Sib­lings in style

The Star Malaysia - Star2 - - PEOPLE - By ANNE- LAUrE MONDESErt

Refugee brothers’ mav­er­ick la­bel turns fash­ion on its head. they hit the cat­walks, Gu­ram cheap ma­te­ri­als and lux­ury looks, said. As a part of this rad­i­cal Gvasalia said that fash­ion needs to with Gvasalia claim­ing his prin­ci­ple change, Vete­ments are al­ready go still fur­ther and re­think it­self to in­spi­ra­tion was rid­ing the Metro com­bin­ing men and women’s wear em­brace rar­ity and lux­ury. through one of the rough­est in their lat­est show.

Vete­ments pro­duces only two stretches of the French cap­i­tal. “To­day there are no gen­ders any­col­lec­tions a year, he said, while the Yet his brother said the pres­sure more,” claimed Gvasalia, who grew big houses pro­duce six to eight to turn out so many col­lec­tions was up with his brother in Ger­many which means clothes are only in also im­pact­ing on cre­ativ­ity. af­ter flee­ing their home­land as civil the shops for a mat­ter of weeks “De­sign­ers are hu­man be­ings. war raged in the early 1990s. be­fore the price is slashed in the Cre­ative peo­ple need time ... the big “To­day you can choose what you sales. groups, they don’t care about this. want to be. The clothes have the

“The in­dus­try is over­pro­duc­ing. They take a de­signer... ( and) the gen­der, not the peo­ple who wear If some­thing goes on sale, it means cor­po­rate ma­chine eats them up them.” it was over­pro­duced. and spits them out. And then, France and Italy’s fash­ion fed­era

“In or­der to make peo­ple want there’s a new one. tions are doggedly re­sist­ing some­thing, you need to make scar“Of course I care for my brother, Amer­i­can at­tempts to re­or­gan­ise city. The real def­i­ni­tion of lux­ury is he’s a very cre­ative per­son but it’s a the cat­walk cal­en­dar so the pub­lic some­thing that is scarce,” he added. lotof pres­sure, and I don’t want to can buy clothes as soon as they hit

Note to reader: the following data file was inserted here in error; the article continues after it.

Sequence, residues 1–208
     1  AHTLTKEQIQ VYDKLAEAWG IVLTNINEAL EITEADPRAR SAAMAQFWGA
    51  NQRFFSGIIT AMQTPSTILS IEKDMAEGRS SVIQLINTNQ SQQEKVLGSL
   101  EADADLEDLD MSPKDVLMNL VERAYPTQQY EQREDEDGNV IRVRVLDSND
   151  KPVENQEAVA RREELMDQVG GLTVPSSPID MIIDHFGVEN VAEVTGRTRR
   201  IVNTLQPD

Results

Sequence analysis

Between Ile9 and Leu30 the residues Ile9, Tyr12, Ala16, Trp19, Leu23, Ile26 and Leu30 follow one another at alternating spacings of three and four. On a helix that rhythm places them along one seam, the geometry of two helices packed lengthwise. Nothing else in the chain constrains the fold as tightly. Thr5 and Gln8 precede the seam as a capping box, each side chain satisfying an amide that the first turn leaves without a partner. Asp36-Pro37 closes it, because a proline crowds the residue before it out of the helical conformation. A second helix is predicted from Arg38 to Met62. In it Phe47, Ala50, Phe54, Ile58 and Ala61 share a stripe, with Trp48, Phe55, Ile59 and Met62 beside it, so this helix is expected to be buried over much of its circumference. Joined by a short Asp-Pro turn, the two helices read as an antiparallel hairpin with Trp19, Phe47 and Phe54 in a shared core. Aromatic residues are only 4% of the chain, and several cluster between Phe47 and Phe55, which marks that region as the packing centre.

“Ev­ery sin­gle piece in our col­lec­force him to do four col­lec­tions for the cat­walks. tion is go­ing to be a lim­ited item. us, on top of his col­lec­tions for In­stead of the au­tumn- win­ter We don’t re­stock and we don’t Ba­len­ci­aga,” Gu­ram Gvasalia shows tak­ing place in the spring as re­pro­duce – if it’s sold out, it’s sold added. hap­pens now, New York wants out.” In­stead he said he wanted to see them to be staged “in sea­son” at the

Vete­ments – which sim­ply means only two shows a year, with Paris be­gin­ning of each au­tumn, with “clothes” in French – be­gan as a col­fash­ion weeks moved from March spring- sum­mer col­lec­tions fol­lowlec­tive of seven anony­mous de­signto Jan­uary and to Septem­ber to ing suit. ers who also worked else­where June. But Gvasalia said the row over un­til Demna Gvasalia stepped out “I want to have the so­lu­tion that the switch to a “see now, buy now” of the shad­ows. is not only just good for me, I want sys­tem is only part of the prob­lem. It made its name with over­sized to have the so­lu­tion that is good for “With Demna, we’ve been streetwear, clev­erly jux­ta­pos­ing ev­ery sin­gle brand that shows,” he through war, we’ve been through THEY ar­rived in Europe as child refugees flee­ing civil war and are now run­ning one of France’s coolest fash­ion la­bels.

But the young Ge­or­gian brothers be­hind the hip brand Vete­ments, whose new col­lec­tion re­cently hit the Paris cat­walk, have still big­ger plans – to rev­o­lu­tionise the way the fash­ion busi­ness works.

De­signer Demna Gvasalia, 34, newly in­stalled at the head of Ba­len­ci­aga, is such a hyped tal­ent that the rap­per- turned- de­signer Kanye West last week threat­ened to poach him.

“I’m go­ing to steal Demna from Ba­len­ci­aga,” he tweeted.

But days be­fore Gvasalia un­veiled his first col­lec­tion for the ven­er­a­ble la­bel so loved by Jackie Kennedy, his younger brother Gu­ram, 30, who runs Vete­ments’ busi­ness side, said their mav­er­ick way of work­ing could be a model for the rest.

With the in­dus­try in­creas­ingly torn by a row over whether col­lec­tions should go on sale as soon as so many things in life, we saw re­ally bad things. And once you’ve seen bad things, the fash­ion in­dus­try is ( about) hav­ing fun. You start to ap­pre­ci­ate life dif­fer­ently,” he said.

Life as a refugee and their mixed back­ground has taught them to think in a dif­fer­ent way.

“We are a mix of eight na­tion­al­i­ties and three re­li­gions: we have a grand­mother who is Jewish, a grand­fa­ther who is Mus­lim, and a father who is Chris­tian. When some­one asks me where my home is I can­not re­ally say,” Gvasalia said. – AFP Re­laxnews

De­signer Demna Gvasalia, who is now head­ing Ba­len­ci­aga, is a much- hyped tal­ent.

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